Tuesday, December 02, 2008

The Muslim Brotherhood--Not Our Friends

Interesting medium-length essay here on the Brotherhood. That's the umbrella organization for most Muslim activities here in the US--and they are not the good guys. Dreher wrote the article, but quotes Husain Haqqani extensively.

As you may know, the major US Muslim organizations were named by the government as unindicted co-conspirators in the terror fundraising trial. Why? Because, as government evidence showed, and as people who pay attention to this stuff know, CAIR, ISNA, MAS, the MSA and other leading Muslim organizations in the US have their roots in the international Muslim Brotherhood -- Islamists who seek a worldwide Muslim state

...I participated in a Hudson Institute conference on the Muslim Brotherhood and its influence in the United States. One of the presenters was Husain Haqqani, a Muslim scholar who is also an anti-Islamist. He gave a history of how the Muslim Brotherhood established itself in the US, and took over Islam in America

(Begin Haqqani quotes)

Hassani summarizes the teachings of the American Muslim Brotherhood founder:

Addressing members of the Muslim Brotherhood, he writes: Always remember that you have two basic objectives: number one, that the Islamic country should be free from all foreign control, for freedom is the natural right of every man which can be denied only by an oppressive dictator; second, although the concept of freedom is very different (just in case anybody is wondering), in this free land, [the USA] a free Islamic government should be established, which should act according to the Islamic commands and enforce its collective system, declare its right principles as operative and popularize among the people its message which is based on wisdom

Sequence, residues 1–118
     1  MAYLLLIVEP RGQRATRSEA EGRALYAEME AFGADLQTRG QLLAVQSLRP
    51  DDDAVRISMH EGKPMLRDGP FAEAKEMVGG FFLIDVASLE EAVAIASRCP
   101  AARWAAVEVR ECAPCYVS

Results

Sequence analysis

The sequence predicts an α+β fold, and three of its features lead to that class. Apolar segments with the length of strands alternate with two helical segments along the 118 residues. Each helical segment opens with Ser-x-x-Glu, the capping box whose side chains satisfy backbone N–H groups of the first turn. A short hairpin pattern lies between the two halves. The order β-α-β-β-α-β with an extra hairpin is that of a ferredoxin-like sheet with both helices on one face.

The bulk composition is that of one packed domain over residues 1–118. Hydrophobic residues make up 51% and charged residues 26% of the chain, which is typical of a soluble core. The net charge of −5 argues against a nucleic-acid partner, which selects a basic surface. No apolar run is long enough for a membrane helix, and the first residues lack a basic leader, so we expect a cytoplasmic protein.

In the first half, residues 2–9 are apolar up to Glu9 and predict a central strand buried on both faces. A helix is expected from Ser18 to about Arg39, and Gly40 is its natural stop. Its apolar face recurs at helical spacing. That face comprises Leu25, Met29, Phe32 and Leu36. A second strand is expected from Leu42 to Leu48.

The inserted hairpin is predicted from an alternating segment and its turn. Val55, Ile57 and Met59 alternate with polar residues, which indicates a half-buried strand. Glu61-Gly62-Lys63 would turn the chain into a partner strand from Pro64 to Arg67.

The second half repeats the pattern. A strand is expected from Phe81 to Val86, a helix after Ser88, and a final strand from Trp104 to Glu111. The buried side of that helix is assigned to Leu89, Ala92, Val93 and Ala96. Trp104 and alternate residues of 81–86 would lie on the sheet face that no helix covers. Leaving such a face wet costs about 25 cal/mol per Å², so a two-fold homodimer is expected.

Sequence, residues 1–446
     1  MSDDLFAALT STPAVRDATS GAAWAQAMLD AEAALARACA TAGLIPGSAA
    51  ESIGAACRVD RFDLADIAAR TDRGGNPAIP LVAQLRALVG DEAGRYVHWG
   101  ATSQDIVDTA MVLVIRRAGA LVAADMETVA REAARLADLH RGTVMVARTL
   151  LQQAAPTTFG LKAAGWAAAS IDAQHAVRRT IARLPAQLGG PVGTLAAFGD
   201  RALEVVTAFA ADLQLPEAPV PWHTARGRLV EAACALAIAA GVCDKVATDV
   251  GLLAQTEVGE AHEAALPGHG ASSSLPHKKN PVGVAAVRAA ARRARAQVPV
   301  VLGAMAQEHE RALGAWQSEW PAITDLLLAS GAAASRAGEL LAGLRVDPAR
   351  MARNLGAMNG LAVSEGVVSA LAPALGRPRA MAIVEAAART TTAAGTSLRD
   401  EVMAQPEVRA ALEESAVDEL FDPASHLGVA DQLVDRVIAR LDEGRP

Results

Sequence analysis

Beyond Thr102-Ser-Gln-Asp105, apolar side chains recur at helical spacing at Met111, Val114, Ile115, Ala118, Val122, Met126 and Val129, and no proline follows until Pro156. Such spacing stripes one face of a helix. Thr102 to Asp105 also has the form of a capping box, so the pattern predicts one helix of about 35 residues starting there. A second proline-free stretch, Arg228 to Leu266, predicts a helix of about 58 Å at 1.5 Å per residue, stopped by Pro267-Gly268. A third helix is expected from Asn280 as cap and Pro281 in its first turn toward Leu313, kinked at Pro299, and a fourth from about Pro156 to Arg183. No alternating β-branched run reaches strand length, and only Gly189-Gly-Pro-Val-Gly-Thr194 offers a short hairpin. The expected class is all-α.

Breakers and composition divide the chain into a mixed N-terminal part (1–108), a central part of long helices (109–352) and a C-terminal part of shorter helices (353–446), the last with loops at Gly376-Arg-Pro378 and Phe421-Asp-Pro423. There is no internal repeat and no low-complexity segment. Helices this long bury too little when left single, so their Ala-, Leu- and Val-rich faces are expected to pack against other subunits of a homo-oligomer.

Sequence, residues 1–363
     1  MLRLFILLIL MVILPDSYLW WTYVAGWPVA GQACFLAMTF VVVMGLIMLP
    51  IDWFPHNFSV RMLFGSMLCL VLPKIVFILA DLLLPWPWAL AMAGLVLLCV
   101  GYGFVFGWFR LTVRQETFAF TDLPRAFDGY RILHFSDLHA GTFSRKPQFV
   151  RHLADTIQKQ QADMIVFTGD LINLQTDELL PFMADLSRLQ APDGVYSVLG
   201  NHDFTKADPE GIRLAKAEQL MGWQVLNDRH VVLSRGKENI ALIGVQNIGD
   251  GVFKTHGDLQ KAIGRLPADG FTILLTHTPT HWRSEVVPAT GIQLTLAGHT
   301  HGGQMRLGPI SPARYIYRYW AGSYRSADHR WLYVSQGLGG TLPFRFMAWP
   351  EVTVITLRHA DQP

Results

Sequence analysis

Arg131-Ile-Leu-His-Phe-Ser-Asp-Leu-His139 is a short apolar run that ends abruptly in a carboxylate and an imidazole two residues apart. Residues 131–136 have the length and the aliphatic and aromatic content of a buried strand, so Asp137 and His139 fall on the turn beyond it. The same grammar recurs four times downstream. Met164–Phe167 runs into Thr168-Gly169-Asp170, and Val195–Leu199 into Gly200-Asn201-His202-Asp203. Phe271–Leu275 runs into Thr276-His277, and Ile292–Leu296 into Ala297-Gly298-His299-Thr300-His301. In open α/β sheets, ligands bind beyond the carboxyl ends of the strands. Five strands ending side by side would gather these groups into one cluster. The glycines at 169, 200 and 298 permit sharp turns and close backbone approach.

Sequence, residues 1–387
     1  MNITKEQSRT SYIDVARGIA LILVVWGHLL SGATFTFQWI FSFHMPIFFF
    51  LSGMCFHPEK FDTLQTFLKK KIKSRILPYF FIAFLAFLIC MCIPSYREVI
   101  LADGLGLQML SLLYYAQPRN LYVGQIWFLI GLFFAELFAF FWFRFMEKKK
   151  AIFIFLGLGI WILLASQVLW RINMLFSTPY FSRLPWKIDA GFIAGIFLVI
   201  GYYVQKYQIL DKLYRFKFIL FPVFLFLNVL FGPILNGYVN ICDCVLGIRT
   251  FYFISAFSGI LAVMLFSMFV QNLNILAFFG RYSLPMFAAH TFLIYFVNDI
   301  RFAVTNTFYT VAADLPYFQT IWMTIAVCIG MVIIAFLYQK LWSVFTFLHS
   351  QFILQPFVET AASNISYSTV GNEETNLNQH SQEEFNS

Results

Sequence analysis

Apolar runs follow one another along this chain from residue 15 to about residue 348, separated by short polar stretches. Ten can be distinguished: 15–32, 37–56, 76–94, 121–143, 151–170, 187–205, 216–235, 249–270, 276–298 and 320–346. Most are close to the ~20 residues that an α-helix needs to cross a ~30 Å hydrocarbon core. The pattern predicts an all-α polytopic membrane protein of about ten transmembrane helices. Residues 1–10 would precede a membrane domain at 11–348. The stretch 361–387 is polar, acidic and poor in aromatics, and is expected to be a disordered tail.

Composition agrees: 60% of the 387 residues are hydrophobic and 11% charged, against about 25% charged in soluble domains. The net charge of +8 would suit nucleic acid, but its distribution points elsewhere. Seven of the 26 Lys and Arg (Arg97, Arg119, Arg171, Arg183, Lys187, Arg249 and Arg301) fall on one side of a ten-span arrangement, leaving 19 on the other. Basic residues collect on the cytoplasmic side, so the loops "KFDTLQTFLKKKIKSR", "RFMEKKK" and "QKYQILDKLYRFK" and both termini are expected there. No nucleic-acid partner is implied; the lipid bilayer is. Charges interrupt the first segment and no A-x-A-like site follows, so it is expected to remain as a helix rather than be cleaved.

Uh-huh...

...Saudi Arabia had emerged on the global scene, and wanted to gain influence among the world's Muslims. Hermann Eilts, who was director of the Center for International Relations at Boston University and who used to be an Arabist in the State Department and served as ambassador to Egypt and Saudi Arabia among other places, talked about how as early as the late 1940s, Hassan al-Banna and some of his closest associates used to travel to Saudi Arabia, which was not the Saudi Arabia of today. At that time, it was still coming out of the shadows of the early Saudi sort of Wahhabi non-modernist beginnings. And yet, Eilts claims that the Muslim Brotherhood of Egypt in particular had ties with the Saudis, and the Saudi deputy finance minister at the time who happened to be from Sudan, was responsible for providing money for the Muslim Brotherhood as part of the influence that coincided with the American agenda of the Muslim Brotherhood. Consequently, all they had to do was persuade the Saudis that the European and American side of things was also significant and worth the investment